[Coral-List] Endangered species status will be considered for 82 corals
Sarah.Heberling at noaa.gov
Thu Feb 18 12:19:52 EST 2010
Thank you, Andrea!
For additional information on what NMFS is doing for the ESA-listed
species of /Acropora palmata/ and /A. cervicornis/ in the U.S. and
Caribbean, I encourage you to visit our website:
http://sero.nmfs.noaa.gov/pr/esa/acropora.htm. There you will find FAQs
about the listing process and about the designation of critical habitat
under the ESA (including answers to "What does this mean to me??").
Plus, there is a handy worksheet for figuring out which permits you
might need when conducting research on these two listed species. It's
all not as scary as some would have you think.
Additionally, please visit
http://sero.nmfs.noaa.gov/pr/esa/82CoralSpecies.htm for more information
on the petition to list 82 corals, on NMFS' 90-day response to the
petition, and on NMFS' request for more information to support status
reviews for these species. Please consider providing your comments,
data, and information to assist us with the massive task of thoroughly
assessing the status of each the 82 candidate coral species!!
Sarah E. Heberling
NOAA Fisheries Service
Phone: (727) 824-5312
Fax: (727) 824-5309
Email: Sarah.Heberling at noaa.gov
"What good is a used up world; and how could it be worth having?"
coral-list-request at coral.aoml.noaa.gov wrote:
> Message: 2
> Date: Wed, 17 Feb 2010 17:14:01 -0800
> From: "Andrea A. Treece" <atreece at biologicaldiversity.org>
> Subject: Re: [Coral-List] Endangered species status will be considered
> for 82 corals
> To: coral-list at coral.aoml.noaa.gov
> Message-ID: <CC852BF0C9F94EAF869BEF4C58B41872 at AndreaTreece>
> Content-Type: text/plain; charset=us-ascii
> Hi all,
> I'd like to respond to some of the questions Gene raised about CBD's coral
> petition and the effects of listing corals under the Endangered Species Act
> (ESA). First, the purpose of the listing petition is pretty straightforward:
> to protect corals from a range of threats, including not just climate change
> and acidification, but degraded water quality, destruction by anchors, trawl
> gear, and unsustainable development. Please bear in mind that listing a
> species and designating critical habitat for it does not automatically block
> any activity. Acropora palmata and A. cervicornis are already listed under
> the ESA and critical habitat has been designated for both species along the
> south Fla. coast and Keys. Diving, fishing, research, and pretty much every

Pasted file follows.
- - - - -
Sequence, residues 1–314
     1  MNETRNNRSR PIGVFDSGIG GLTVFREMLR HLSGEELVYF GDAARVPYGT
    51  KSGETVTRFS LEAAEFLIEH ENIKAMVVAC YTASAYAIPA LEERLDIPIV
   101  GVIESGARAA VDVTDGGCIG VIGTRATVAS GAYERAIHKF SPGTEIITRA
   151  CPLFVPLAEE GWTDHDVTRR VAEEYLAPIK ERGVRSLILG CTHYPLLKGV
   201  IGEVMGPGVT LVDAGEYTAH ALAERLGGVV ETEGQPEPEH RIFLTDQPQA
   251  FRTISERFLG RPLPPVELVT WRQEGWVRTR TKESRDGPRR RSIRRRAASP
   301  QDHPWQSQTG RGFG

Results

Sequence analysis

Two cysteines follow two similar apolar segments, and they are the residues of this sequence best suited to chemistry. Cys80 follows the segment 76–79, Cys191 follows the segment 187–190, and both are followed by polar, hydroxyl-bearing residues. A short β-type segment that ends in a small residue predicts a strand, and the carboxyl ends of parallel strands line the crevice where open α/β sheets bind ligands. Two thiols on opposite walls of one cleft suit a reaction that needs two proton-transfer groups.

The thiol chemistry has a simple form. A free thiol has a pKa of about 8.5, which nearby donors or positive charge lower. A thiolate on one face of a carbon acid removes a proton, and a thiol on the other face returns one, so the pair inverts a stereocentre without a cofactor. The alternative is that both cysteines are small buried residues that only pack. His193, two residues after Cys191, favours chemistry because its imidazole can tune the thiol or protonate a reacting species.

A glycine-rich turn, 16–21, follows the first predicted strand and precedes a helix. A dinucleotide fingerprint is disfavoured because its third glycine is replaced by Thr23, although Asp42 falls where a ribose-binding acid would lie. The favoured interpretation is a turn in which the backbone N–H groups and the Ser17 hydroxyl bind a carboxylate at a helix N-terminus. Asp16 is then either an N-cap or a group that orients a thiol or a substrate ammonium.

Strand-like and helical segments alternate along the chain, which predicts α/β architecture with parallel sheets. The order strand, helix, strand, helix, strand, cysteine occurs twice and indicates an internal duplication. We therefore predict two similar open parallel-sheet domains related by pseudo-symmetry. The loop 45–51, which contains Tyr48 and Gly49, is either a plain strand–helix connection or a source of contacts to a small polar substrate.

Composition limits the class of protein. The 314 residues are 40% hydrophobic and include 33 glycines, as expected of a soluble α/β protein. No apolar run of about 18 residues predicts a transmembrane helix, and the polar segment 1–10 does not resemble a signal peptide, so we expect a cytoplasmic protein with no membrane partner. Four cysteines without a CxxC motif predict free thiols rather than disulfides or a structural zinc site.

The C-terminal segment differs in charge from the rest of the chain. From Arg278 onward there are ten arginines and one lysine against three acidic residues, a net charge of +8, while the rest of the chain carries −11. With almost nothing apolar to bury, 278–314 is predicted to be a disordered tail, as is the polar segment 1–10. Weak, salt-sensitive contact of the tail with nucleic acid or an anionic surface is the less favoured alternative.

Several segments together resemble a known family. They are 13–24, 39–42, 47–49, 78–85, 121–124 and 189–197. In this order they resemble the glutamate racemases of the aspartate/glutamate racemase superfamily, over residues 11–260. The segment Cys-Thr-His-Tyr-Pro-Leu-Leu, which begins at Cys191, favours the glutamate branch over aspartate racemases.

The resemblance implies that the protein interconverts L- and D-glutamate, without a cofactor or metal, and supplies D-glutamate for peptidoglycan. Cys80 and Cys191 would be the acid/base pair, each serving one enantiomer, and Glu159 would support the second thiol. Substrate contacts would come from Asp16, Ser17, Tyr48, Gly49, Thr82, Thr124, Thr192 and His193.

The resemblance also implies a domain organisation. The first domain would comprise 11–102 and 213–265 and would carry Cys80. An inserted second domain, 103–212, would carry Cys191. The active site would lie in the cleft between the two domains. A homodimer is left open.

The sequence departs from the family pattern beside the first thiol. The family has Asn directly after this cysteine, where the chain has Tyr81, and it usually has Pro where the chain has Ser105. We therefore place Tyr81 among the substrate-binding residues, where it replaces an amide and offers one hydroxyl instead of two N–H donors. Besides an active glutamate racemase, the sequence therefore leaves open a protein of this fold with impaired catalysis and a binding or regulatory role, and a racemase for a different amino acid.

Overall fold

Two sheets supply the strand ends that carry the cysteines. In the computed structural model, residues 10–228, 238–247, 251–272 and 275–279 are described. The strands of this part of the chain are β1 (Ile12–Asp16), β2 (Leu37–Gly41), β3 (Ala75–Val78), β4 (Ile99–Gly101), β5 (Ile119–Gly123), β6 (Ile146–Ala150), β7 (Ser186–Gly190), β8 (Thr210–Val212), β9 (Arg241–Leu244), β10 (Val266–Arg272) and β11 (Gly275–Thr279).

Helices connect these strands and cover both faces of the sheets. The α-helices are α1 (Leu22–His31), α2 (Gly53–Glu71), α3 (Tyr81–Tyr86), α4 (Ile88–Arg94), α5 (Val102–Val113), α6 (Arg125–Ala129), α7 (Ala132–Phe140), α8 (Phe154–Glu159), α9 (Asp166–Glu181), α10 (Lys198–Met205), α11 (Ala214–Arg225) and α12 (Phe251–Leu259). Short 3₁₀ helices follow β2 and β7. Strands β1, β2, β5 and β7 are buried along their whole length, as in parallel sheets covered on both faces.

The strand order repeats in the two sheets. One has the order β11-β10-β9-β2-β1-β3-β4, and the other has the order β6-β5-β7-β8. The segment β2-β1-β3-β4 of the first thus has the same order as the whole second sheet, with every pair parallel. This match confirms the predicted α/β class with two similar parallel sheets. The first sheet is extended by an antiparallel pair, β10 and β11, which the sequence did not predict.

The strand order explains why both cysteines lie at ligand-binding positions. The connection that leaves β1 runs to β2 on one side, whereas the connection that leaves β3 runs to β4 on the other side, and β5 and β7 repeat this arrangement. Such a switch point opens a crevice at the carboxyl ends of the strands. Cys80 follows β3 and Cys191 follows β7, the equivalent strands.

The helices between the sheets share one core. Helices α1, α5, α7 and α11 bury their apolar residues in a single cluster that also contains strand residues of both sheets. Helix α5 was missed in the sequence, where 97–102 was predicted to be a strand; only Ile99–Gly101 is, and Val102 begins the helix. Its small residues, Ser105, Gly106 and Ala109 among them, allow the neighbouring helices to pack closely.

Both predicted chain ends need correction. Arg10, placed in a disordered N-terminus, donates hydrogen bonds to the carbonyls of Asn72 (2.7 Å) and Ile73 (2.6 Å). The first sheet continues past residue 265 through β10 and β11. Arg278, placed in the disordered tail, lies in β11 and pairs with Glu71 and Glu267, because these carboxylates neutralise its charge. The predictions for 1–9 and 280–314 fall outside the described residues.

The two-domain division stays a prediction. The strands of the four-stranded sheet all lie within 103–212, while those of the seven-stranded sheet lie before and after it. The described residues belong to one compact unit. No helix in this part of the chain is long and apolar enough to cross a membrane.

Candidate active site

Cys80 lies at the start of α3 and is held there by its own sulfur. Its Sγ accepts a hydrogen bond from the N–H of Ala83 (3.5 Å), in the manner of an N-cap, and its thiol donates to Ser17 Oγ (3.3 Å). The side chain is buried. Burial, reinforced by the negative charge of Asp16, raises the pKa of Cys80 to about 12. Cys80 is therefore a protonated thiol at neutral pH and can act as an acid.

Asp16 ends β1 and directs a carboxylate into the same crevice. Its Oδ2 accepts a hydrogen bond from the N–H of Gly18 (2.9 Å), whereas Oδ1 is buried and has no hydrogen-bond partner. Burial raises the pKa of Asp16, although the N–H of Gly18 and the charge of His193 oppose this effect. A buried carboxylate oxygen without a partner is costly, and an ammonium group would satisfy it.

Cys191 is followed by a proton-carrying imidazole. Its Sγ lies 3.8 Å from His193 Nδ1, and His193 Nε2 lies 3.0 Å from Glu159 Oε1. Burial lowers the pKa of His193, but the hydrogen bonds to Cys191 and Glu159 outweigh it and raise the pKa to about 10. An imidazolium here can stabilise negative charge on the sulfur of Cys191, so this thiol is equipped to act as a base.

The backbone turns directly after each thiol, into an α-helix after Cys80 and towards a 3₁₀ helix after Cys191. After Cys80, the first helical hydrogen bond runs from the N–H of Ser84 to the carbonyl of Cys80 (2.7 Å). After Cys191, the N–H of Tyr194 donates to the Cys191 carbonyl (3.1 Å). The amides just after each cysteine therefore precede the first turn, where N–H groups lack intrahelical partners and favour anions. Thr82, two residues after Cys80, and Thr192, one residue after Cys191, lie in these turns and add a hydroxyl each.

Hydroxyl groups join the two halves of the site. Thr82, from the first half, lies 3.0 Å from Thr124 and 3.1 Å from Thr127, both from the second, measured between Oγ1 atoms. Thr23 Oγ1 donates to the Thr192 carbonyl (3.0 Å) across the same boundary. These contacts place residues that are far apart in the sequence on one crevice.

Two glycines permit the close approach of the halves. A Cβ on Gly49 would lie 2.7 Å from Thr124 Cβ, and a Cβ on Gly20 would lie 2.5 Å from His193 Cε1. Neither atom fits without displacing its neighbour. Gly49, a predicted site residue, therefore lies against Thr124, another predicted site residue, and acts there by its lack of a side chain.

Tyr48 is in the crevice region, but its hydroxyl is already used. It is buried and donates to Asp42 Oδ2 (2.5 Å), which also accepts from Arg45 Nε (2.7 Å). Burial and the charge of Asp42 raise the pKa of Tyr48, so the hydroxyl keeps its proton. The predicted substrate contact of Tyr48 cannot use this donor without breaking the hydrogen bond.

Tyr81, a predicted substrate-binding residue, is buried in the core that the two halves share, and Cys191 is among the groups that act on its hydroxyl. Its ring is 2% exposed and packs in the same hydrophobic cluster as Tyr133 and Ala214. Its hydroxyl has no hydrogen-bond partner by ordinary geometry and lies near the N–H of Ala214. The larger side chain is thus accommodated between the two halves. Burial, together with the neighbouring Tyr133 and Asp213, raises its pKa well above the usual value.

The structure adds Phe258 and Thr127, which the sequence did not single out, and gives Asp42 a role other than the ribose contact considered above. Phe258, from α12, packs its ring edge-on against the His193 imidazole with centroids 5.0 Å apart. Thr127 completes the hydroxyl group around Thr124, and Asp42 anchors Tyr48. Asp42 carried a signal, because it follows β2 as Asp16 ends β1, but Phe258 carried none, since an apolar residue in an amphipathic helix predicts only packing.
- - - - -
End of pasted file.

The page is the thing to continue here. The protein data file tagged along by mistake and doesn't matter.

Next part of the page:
> other activity that was permitted before continues now. The main difference
> is that the federal government must now ensure that any activity it
> authorizes or funds in that area (e.g., dredging) will not jeopardize the
> survival and recovery of those species or destroy their critical habitat.
> That analysis rarely results in activities being wholly curtailed. Most
> often they are modified to minimize impacts and allowed to continue.
> As one who works with this law day in and day out, I can assure you that
> listing corals is not going to lead to requiring rebreathers or excluding
> divers from coral habitat. What we do hope it will accomplish with divers
> is an increased awareness that these corals are fragile, incredibly
> important habitat-builders that need to be treated with care. I've seen
> enough of my fellow divers grabbing and kicking coral to believe that
> message has still not reached nearly enough recreational divers.
> We also hope to raise awareness regarding the threat of climate change and
> ocean acidification to coral reefs. As many on this list have noted, public
> awareness is crucial to protecting corals. There has been much discussion
> on the list about how to bring the "save the corals" message to the public.
> This is one more way to do that.
> As for research, it is true that researchers will need to get one more
> permit. For researchers dedicated to understanding and conserving corals,
> I'd hope this wouldn't be seen as a reason to oppose protecting them under a
> law designed to ensure not only their survival, but their recovery.
> Moreover, ESA listing can bring with it increased attention and funding for
> scientific research on the listed species.
> I hope this information is helpful. Please feel free to contact us if you
> have any questions about the petition, how the process works, etc. Thank
> you all for the great work you do to protect corals.
> Andrea A. Treece
> Senior Attorney, Oceans Program
> Center for Biological Diversity
> 351 California Street, Suite 600
> San Francisco, CA 94104
> ph: 415-436-9682 x306 fax: 415-436-9683
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